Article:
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ephod

[ ef-od, ee-fod ]
/ ˈɛf ɒd, ˈi fɒd /
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noun Judaism.
a richly embroidered, apronlike vestment having two shoulder straps and ornamental attachments for securing the breastplate, worn with a waistband by the high priest. Exodus 28:6, 7, 25–28.
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Origin of ephod

First recorded in 1350–1400; Middle English, from Medieval Latin, from Hebrew ēphōd, apparently meaning “idol” in some passages
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How to use ephod in a sentence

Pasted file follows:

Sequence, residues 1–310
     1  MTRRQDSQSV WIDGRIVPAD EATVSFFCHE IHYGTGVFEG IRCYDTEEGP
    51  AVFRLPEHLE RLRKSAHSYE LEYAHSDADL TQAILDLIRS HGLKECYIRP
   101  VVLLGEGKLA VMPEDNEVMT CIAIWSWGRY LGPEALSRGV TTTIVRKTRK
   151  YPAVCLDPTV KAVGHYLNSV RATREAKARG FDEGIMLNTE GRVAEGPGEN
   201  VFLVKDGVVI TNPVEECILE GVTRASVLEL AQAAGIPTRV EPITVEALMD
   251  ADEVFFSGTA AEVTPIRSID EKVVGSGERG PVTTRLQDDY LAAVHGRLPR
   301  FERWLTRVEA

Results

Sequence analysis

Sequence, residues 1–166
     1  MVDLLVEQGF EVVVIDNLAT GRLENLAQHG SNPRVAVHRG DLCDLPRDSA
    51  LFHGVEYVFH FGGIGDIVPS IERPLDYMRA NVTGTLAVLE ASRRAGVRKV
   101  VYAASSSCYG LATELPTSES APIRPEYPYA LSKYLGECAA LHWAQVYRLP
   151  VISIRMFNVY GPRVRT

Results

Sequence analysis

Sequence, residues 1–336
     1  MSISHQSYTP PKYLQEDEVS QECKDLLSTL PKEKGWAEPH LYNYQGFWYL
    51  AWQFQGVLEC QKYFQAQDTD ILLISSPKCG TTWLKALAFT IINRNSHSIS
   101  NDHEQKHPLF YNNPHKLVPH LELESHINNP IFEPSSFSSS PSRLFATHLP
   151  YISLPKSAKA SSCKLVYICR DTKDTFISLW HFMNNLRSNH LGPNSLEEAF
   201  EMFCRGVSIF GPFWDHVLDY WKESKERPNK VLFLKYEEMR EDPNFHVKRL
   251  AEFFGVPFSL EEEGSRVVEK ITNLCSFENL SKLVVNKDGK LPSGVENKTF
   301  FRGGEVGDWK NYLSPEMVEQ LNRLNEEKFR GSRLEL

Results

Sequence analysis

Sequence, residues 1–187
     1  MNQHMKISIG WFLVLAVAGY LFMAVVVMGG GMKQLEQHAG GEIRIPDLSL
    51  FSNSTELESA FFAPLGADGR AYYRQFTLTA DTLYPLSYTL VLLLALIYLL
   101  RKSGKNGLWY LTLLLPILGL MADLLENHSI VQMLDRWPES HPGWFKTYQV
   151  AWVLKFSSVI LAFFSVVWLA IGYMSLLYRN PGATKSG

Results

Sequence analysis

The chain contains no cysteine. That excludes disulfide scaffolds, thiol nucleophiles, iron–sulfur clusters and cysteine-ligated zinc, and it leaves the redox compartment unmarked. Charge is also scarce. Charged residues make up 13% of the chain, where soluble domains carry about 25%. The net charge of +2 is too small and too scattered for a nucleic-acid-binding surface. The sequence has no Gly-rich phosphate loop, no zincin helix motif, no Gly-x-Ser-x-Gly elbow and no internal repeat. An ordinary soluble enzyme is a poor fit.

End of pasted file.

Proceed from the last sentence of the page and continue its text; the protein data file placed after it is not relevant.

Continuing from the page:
British Dictionary definitions for ephod

ephod
/ (ˈiːfɒd) /

noun
Old Testament an embroidered vestment believed to resemble an apron with shoulder straps, worn by priests in ancient Israel

Word Origin for ephod

C14: from Hebrew ēphōdh
Collins English Dictionary - Complete & Unabridged 2012 Digital Edition © William Collins Sons & Co. Ltd. 1979, 1986 © HarperCollins Publishers 1998, 2000, 2003, 2005, 2006, 2007, 2009, 2012
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